However, up till this day, no election for the Hill District Councils has held. In the meanwhile, the Hill Councils have got overloaded with burdens of work and suffered from human resources at all fronts. Now the government, instead of holding elections, has passed a bill to increase the number of members for the interim councils and issued an order to send in opinions of the Hill District Councils within prescribed limit regarding the increase of the members up to 15. This move on the part of government proves to be bankruptcy at the policy level.

Traditional Institutions:

    The traditional institutions in CHT, ever since the commencement of colonization, have been dealing with the issues such as lands of traditional usages, social justice, customs, rites, and rituals. The traditional administrative setup comprises Circle Chieftainship, Headmanship, and Karbariship at the grass root level.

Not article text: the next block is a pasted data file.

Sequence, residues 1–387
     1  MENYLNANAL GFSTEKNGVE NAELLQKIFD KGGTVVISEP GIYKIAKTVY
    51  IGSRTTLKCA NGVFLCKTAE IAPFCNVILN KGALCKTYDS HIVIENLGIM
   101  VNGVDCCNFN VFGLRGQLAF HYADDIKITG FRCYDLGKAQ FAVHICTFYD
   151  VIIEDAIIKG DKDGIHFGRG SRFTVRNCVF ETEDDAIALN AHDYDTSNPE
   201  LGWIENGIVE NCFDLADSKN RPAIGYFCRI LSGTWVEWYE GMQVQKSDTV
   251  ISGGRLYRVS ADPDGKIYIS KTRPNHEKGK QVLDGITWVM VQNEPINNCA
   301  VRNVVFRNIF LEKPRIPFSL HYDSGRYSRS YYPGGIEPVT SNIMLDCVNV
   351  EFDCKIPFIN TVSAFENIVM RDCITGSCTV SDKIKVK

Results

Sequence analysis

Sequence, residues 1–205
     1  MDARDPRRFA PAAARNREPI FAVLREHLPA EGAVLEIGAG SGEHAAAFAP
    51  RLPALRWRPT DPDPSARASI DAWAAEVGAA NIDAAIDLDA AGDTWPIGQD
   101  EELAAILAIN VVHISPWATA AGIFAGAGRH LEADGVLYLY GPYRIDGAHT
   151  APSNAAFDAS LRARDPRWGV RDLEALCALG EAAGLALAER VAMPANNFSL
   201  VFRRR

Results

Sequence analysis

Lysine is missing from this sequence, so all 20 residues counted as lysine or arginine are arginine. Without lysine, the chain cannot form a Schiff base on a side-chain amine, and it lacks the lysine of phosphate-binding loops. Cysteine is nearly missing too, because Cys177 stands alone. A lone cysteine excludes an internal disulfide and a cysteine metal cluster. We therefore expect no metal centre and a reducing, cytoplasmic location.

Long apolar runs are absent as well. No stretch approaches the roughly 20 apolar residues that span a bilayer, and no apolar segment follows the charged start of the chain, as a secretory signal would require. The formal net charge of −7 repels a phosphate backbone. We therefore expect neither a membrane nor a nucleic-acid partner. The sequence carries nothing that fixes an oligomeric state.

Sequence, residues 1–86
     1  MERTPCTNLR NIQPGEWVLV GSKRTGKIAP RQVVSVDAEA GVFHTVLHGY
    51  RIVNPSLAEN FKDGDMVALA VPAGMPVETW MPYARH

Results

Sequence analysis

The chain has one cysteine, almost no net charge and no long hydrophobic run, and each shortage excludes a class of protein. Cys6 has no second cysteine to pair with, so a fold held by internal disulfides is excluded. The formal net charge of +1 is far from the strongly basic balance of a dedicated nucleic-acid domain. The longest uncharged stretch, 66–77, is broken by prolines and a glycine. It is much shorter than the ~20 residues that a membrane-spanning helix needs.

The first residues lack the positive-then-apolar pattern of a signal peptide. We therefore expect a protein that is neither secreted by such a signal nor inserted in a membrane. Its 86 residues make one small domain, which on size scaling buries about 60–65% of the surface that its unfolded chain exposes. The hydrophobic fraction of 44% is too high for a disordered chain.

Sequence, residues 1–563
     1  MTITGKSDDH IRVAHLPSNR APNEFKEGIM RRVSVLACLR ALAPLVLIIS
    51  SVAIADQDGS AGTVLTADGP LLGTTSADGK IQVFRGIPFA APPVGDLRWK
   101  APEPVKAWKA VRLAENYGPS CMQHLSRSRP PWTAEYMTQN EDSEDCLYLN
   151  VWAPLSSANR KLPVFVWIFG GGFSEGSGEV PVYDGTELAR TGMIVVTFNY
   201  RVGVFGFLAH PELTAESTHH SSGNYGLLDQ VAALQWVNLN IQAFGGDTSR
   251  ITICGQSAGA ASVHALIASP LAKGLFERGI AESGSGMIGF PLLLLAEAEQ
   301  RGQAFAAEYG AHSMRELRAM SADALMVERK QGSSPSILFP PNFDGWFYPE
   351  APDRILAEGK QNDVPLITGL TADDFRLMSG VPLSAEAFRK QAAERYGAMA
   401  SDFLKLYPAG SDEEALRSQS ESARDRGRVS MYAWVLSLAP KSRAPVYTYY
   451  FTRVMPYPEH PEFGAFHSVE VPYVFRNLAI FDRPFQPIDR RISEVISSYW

Traditionally and as already established with CHT Regulation 1900, the CHT was divided into three Circles, namely Chakma Circle, Bohmang Circle and Mong Circle – each circle is headed by a Circle Chief. Again, each circle is divided into several smaller administrative units called Mouzas, which are comprised of some villages. Each Mouza is headed by an administrative head, called Headman. Under a Mouza, there are several villages and head of the village is called Karbari. Till today, this system is recognized by the government of Bangladesh.

The post of the Circle Chief is hereditary, as is (was) the case with Headmen. Generally, the child of past Headman is given priority for headship. Both the Circle Chiefs and the Headmen used to discharge their duties and functions according to customs and traditions (partially recognized by the CHT Regulation of 1900 enacted by the then British government). Among the important duties and responsibilities of the Headmen are – the collection of land tax, providing the recommendation for distribution and settlement of land, maintenance of land records, preservation and maintenance of community forest resources and settlement of social disputes in accordance with the indigenous peoples’ customary laws. The responsibility of land settlement and land management is primarily vested with Headmen. Thus, proper management and control of the above issues depended on the respective Headman’s capacity and efficiency.